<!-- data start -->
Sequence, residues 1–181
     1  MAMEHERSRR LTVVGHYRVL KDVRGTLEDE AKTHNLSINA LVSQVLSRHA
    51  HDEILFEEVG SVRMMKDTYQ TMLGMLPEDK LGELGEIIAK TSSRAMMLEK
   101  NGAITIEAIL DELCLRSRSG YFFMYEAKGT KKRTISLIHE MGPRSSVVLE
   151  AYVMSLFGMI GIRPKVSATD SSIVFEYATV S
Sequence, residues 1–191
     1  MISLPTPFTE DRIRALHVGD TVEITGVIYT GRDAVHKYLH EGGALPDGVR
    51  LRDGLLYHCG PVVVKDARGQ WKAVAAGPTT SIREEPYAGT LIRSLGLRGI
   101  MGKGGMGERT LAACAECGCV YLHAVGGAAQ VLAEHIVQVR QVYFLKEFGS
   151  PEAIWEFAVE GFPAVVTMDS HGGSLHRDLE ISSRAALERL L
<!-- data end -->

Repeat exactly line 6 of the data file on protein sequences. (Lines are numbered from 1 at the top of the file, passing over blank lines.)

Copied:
Sequence, residues 1–191